The Best Natural Ways to Treat Borderline Personality Disorder
Many people with mental health concerns have been stigmatized by labels and misconceptions. One of the most misunderstood mental health issues is Borderline Personality Disorder (BPD), which is frequently mistaken for bipolar disorder. However, BPD is its own unique mental health condition.
What is Borderline Personality Disorder?
BPD is characterized by extreme shifts in mood and behavior. People with BPD may have periods of anger, anxiety or depression that last a few hours or days. BPD impacts the way a person thinks about themselves and others and often leads to a distorted self-image. The inappropriate emotional outbursts, impulsiveness and mood swings associated with BPD may negatively impact an individual’s education, career and relationships.
People with BPD have difficulties controlling their emotions. Their values and interests can change quite rapidly and without explanation. Those with BPD tend to have extreme views of people and situations, seeing them as all good or all bad. Since a friend one day may be considered an enemy the next, maintaining solid and consistent relationships can be a challenge for those with BPD.
Symptoms of BPD
Here are some of the main signs and symptoms of BPD:
• Difficulty trusting others, sometimes escalating to paranoia
• Periodically entering a dissociative state
• Recurring thoughts or threats of suicide
• Feelings of emptiness, isolation and boredom
• Intense anger followed by guilt and shame
• Self-harm, such as cutting
• Loss of interest in routine activities
• Seeks to avoid real or imagined abandonment by friends and family
• Impulsive behaviors, such as excessive spending, unsafe sex and aggressive driving
• Unstable relationships; alternate between idealization and devaluation.
It’s not uncommon for individuals with BPD to exhibit signs of other mental health problems, such as mood and eating disorders. Many people with BPD turn to drugs and alcohol as a means of managing their symptoms, which, of course, will only exacerbate their problems.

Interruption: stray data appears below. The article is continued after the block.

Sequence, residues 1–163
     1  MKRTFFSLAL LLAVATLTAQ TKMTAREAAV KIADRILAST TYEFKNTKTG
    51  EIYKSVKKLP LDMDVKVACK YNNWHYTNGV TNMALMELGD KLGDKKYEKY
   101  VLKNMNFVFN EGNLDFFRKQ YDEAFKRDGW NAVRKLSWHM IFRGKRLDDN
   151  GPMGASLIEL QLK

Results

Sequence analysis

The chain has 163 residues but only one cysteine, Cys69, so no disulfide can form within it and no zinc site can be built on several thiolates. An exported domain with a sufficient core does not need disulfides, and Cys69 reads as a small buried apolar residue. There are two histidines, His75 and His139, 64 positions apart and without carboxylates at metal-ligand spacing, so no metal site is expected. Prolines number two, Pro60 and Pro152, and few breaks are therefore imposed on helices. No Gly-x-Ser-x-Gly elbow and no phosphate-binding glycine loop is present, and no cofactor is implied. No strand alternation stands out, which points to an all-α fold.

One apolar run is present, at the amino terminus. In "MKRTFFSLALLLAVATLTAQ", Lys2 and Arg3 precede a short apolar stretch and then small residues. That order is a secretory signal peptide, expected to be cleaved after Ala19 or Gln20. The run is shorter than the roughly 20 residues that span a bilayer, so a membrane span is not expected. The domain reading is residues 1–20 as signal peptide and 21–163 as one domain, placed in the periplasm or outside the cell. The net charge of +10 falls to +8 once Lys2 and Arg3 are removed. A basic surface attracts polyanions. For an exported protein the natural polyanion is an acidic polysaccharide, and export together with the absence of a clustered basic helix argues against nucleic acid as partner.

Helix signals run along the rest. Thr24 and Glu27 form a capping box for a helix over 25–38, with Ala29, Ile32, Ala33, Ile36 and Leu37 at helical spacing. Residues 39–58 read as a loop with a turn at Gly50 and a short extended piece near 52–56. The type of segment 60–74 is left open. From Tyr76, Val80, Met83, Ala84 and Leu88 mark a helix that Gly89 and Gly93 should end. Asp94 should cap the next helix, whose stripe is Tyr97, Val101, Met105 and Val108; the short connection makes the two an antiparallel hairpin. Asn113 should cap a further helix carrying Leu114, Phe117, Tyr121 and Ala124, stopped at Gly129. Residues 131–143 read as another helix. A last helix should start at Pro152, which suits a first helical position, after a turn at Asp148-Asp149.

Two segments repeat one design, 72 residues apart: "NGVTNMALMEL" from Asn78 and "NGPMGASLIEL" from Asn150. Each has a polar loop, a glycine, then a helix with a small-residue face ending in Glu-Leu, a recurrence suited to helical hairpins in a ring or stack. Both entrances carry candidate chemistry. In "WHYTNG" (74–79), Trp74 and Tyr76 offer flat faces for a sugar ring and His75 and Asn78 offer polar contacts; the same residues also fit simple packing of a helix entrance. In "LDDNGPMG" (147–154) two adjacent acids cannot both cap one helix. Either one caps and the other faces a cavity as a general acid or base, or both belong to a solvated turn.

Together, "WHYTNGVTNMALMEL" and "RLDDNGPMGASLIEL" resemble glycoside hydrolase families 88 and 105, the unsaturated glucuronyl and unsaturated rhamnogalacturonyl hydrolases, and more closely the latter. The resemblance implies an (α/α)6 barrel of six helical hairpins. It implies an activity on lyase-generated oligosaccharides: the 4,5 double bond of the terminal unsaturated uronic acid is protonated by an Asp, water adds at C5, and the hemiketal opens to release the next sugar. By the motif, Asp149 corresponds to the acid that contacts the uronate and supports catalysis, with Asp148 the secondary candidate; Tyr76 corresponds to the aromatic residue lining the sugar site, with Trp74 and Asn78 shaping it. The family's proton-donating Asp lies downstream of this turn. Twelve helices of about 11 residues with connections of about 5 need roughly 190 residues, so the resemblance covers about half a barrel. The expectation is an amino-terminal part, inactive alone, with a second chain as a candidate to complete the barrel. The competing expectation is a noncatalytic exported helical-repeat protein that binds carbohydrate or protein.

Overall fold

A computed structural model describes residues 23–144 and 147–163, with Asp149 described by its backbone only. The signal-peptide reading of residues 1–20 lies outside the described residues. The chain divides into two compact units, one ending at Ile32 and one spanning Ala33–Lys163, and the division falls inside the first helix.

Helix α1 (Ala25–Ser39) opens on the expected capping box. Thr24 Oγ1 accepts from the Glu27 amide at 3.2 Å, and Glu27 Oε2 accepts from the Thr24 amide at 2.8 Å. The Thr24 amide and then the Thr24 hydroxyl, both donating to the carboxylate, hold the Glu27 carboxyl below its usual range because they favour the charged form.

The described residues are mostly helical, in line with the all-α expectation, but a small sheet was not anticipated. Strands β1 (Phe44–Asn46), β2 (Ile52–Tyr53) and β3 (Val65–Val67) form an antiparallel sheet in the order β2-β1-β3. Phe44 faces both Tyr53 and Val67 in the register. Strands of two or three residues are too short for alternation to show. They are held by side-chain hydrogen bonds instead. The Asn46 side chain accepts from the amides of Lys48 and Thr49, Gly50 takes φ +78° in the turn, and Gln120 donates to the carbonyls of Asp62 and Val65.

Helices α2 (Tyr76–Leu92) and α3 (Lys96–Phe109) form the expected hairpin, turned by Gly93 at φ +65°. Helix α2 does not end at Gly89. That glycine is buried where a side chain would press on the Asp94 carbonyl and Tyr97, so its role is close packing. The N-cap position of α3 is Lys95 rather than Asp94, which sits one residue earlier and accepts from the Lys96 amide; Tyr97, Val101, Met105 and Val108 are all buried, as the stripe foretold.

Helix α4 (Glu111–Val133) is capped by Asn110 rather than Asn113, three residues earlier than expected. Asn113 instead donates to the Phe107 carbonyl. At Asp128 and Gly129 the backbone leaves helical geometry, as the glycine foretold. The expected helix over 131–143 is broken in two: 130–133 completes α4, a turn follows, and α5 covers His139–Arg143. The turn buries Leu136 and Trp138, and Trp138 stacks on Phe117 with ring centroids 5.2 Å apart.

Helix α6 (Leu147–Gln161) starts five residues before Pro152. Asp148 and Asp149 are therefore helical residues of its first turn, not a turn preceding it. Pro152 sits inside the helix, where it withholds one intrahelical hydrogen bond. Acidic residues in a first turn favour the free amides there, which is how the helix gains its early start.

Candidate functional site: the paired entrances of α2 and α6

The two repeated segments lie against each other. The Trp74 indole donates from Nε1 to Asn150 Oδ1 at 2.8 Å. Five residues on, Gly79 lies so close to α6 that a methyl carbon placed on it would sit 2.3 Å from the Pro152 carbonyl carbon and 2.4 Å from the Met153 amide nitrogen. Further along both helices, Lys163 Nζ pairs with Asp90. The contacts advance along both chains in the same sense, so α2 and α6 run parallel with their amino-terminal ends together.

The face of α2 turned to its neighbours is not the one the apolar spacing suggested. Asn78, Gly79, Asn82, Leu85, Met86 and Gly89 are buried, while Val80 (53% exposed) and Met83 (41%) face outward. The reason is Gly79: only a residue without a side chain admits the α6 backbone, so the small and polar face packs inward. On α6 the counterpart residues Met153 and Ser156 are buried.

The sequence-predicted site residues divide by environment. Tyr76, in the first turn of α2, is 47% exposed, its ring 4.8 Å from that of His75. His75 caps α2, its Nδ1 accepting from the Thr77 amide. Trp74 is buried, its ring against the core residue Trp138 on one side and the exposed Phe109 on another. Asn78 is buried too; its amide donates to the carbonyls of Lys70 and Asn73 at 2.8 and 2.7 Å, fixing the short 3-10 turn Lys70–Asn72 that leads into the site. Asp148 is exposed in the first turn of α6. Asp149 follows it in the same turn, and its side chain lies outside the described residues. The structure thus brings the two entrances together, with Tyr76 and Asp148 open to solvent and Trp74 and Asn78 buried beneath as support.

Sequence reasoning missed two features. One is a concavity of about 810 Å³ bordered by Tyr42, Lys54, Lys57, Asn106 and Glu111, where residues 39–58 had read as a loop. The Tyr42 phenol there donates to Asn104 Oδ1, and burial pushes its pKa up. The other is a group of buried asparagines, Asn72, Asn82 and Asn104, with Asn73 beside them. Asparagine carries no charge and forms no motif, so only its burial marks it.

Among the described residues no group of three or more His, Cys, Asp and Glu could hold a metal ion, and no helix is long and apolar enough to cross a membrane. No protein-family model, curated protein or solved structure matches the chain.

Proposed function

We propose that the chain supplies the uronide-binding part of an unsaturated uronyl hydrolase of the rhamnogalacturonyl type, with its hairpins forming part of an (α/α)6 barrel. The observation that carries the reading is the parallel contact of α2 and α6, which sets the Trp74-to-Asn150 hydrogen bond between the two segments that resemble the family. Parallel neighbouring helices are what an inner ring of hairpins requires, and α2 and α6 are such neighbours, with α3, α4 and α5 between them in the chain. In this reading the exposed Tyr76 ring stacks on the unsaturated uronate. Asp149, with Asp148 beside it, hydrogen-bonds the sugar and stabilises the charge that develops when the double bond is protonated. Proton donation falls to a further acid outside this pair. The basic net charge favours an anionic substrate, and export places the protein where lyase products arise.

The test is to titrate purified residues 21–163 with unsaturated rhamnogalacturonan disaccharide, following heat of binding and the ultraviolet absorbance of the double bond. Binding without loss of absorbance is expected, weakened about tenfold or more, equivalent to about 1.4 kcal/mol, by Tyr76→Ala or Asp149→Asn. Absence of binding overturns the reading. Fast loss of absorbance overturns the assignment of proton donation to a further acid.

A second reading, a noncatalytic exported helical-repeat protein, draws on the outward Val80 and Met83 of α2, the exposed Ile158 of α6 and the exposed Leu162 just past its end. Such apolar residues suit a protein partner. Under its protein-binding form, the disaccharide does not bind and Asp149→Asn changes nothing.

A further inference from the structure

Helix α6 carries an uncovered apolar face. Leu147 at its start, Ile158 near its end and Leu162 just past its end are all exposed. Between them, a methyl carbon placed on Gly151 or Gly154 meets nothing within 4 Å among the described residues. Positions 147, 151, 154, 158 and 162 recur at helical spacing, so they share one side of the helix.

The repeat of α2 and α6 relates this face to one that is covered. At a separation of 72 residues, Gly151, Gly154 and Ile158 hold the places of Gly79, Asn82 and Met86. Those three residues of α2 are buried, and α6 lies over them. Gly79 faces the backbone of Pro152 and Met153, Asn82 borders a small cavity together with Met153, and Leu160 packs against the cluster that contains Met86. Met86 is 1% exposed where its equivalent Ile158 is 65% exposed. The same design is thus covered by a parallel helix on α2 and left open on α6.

Who Does It Affect?
BPD is very common; there are more than 3 million cases per year in the US. BPD can last several years or for a lifetime. Unlike ADD/ADHD and Autism Spectrum Disorder (ASD), which are typically identified during the pre-teen years or earlier, BPD normally begins in the late teens or early 20s. Though 75% of people diagnosed with BPD are women, many men with BPD are being misdiagnosed with depression and PTSD.
Even though there’s no known cause for BPD, there are several risk factors, including: family history and cognitive, environmental, and social factors. However, having these risk factors doesn’t mean that an individual will develop BPD.
How is BPD Treated?
Though traditionally difficult to treat, newer therapies have significantly improved the quality of life for those with BPD. Since BPD can occur alongside other symptoms, such as anxiety, depression and substance or eating disorders, it’s vital that individuals with BPD receive personalized, evidence-based care from a therapist specifically trained in treating BPD.